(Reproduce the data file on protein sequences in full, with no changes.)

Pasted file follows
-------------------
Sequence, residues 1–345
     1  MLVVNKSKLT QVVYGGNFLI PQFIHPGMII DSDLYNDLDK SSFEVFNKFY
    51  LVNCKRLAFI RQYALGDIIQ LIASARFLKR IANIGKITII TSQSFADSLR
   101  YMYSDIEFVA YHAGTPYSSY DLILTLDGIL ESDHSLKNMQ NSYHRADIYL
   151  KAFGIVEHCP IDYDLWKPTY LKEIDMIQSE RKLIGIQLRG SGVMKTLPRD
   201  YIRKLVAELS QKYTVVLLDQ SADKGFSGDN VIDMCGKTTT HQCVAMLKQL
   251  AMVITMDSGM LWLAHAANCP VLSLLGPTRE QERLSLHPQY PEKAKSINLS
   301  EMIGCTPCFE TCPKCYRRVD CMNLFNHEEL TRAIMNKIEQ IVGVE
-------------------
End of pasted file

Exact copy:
Sequence, residues 1–345
     1  MLVVNKSKLT QVVYGGNFLI PQFIHPGMII DSDLYNDLDK SSFEVFNKFY
    51  LVNCKRLAFI RQYALGDIIQ LIASARFLKR IANIGKITII TSQSFADSLR
   101  YMYSDIEFVA YHAGTPYSSY DLILTLDGIL ESDHSLKNMQ NSYHRADIYL
   151  KAFGIVEHCP IDYDLWKPTY LKEIDMIQSE RKLIGIQLRG SGVMKTLPRD
   201  YIRKLVAELS QKYTVVLLDQ SADKGFSGDN VIDMCGKTTT HQCVAMLKQL
   251  AMVITMDSGM LWLAHAANCP VLSLLGPTRE QERLSLHPQY PEKAKSINLS
   301  EMIGCTPCFE TCPKCYRRVD CMNLFNHEEL TRAIMNKIEQ IVGVE